Tensions with Russia proving unhelpful for Germany's green-energy transition

It wasn’t so very long ago that Germany decided that it would be the green-energy pioneer for which the world was so desperately hoping, and Europe’s largest economy embarked upon the ambitious Energiewende through which it planned to entirely do away with nuclear energy, preempt hydrofracking, and to transition more heavily to wind and solar energy. It all sounded pretty great, until the renewables proved so costly and unreliable that coal-plant construction actually increased while electricity prices skyrocketed:

German household energy prices have soared 80 percent in the last eight years due to the costs of subsidizing renewable energy. The main driver has been the so-called “renewable energy reallocation charge,” which cost customers $33 billion last year alone.

In turn, Germany’s high energy prices have caused a major loss in industrial competitiveness compared to less expensive business destinations like the United States, and the end result of it all so far has been an uptick in total carbon emissions. Oof.

Their preferred renewables energies just haven’t been up to the task of replacing nuclear plants at the pace at which Germany wants to shut them down, and they have a standing ban on exploring unconventional natural gas reserves (a.k.a., on shale plays that require hydraulic fracturing for extraction) — but the situation with Russia and Ukraine, and their dependence on Russia for almost forty percent of their natural gas supplies, has them pondering over the wisdom of that position.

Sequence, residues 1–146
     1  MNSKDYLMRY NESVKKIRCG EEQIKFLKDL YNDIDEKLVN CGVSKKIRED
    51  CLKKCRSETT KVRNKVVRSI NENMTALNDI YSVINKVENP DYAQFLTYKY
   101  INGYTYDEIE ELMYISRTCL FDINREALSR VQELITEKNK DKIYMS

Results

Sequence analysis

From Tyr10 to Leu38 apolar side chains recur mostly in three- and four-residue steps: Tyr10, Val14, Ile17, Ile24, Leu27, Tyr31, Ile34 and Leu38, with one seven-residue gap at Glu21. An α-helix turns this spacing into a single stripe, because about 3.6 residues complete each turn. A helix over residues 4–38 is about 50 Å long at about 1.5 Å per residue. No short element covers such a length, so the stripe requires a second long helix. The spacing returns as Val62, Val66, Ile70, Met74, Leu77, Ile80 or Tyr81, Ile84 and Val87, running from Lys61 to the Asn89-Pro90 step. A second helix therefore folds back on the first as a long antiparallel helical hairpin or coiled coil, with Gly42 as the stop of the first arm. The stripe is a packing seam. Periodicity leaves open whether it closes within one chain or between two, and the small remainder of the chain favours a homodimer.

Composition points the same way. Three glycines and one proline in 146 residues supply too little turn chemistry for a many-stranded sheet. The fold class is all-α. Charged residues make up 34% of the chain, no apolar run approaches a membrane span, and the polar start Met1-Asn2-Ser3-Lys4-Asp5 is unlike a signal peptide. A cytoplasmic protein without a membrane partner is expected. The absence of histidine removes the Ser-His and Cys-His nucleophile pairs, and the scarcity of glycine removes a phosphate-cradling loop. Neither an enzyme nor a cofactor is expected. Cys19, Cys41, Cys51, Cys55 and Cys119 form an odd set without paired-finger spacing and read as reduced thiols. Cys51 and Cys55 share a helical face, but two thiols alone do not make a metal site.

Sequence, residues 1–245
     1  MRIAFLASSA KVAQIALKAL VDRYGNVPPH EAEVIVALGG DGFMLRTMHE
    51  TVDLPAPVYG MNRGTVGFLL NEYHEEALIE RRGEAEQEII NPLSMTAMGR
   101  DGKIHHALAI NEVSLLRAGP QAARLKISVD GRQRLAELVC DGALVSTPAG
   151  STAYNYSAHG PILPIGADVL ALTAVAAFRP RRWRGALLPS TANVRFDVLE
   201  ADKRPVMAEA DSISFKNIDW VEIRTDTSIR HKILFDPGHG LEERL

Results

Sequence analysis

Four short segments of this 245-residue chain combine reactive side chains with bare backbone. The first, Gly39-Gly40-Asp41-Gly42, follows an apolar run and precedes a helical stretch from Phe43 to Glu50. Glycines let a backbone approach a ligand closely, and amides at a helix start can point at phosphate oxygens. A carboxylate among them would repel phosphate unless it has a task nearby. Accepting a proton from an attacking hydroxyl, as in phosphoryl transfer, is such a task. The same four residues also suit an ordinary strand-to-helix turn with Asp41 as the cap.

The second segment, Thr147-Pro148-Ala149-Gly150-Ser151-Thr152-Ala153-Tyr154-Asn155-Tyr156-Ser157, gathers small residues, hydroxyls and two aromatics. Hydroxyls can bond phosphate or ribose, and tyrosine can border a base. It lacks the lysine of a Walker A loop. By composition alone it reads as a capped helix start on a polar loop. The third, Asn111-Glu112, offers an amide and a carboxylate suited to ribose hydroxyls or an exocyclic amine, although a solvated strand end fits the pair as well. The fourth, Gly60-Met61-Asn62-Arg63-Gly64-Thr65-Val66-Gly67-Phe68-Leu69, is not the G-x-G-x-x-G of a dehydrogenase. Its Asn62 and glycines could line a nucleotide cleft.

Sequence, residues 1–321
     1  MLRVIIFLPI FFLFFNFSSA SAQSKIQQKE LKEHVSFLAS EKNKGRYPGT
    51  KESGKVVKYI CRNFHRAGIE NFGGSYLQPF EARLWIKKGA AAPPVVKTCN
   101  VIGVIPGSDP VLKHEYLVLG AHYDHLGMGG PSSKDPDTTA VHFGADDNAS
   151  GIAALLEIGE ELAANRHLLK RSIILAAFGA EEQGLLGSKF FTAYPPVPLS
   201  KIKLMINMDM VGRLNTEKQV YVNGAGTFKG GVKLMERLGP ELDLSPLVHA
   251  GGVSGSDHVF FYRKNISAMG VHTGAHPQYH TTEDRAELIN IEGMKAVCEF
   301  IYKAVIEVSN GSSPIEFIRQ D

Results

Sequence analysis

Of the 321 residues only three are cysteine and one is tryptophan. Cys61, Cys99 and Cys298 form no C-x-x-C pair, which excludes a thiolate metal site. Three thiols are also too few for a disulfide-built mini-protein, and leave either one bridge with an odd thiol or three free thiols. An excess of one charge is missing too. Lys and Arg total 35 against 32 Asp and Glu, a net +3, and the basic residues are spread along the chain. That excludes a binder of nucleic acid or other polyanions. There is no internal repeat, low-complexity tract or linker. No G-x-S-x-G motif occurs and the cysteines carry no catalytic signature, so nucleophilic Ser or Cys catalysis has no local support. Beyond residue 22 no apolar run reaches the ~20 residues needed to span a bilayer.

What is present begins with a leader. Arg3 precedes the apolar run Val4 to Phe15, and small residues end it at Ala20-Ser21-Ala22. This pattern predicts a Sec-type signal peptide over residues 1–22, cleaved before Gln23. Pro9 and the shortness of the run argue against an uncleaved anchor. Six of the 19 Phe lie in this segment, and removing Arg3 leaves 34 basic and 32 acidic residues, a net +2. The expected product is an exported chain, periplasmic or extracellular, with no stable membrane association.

The crisis in Ukraine has added an extra dose of uncertainty to German Chancellor Angela Merkel’s biggest domestic project: shifting the country from nuclear to renewable energy sources. …

Merkel is still pushing ahead with the plan to shift away from nuclear energy. But if the situation with Russia escalates and Germany decides to try and reduce its reliance on Russian gas, there could be problems staying on track. …

Alexander Rahr, research director of the Germany-Russia Forum think tank, notes that as nuclear power has been phased out, Russian coal “has taken on a more important role for Germany.”

Right now it doesn’t seem likely that Russia would shut down its gas pipelines — or that Germany and other western European nations would include fuel supplies in any economic sanctions — but the situation in Ukraine does have people talking about “what if?” Merkel herself conceded last week there is “some unease” among European leaders about Russian gas, but also noted “even in the Cold War the gas, the oil kept flowing.” …

True that it’s currently just as much in Russia’s interest to keep the energy flowing as it is Germany’s and everybody else’s (Russia’s economy is heavily dependent on those exports), but a lot of people are wondering if Germany mightn’t feel more comfortable about getting tough with sanctions if they weren’t quite so reliant on Russia for energy — and in the meantime, their forced renewable transition and refusal to frack is only benefiting coal.